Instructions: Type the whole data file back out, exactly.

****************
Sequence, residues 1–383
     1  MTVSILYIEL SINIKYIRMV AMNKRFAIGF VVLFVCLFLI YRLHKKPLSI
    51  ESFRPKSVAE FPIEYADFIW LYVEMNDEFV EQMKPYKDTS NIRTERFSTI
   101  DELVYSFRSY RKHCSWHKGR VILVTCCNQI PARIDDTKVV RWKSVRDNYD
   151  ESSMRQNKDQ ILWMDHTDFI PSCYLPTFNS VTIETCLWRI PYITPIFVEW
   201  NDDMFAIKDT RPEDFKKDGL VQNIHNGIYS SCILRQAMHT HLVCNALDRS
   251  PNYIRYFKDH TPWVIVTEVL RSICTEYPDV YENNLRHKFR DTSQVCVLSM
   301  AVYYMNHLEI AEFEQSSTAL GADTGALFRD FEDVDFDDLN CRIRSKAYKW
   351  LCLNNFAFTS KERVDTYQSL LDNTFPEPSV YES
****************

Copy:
Sequence, residues 1–383
     1  MTVSILYIEL SINIKYIRMV AMNKRFAIGF VVLFVCLFLI YRLHKKPLSI
    51  ESFRPKSVAE FPIEYADFIW LYVEMNDEFV EQMKPYKDTS NIRTERFSTI
   101  DELVYSFRSY RKHCSWHKGR VILVTCCNQI PARIDDTKVV RWKSVRDNYD
   151  ESSMRQNKDQ ILWMDHTDFI PSCYLPTFNS VTIETCLWRI PYITPIFVEW
   201  NDDMFAIKDT RPEDFKKDGL VQNIHNGIYS SCILRQAMHT HLVCNALDRS
   251  PNYIRYFKDH TPWVIVTEVL RSICTEYPDV YENNLRHKFR DTSQVCVLSM
   301  AVYYMNHLEI AEFEQSSTAL GADTGALFRD FEDVDFDDLN CRIRSKAYKW
   351  LCLNNFAFTS KERVDTYQSL LDNTFPEPSV YES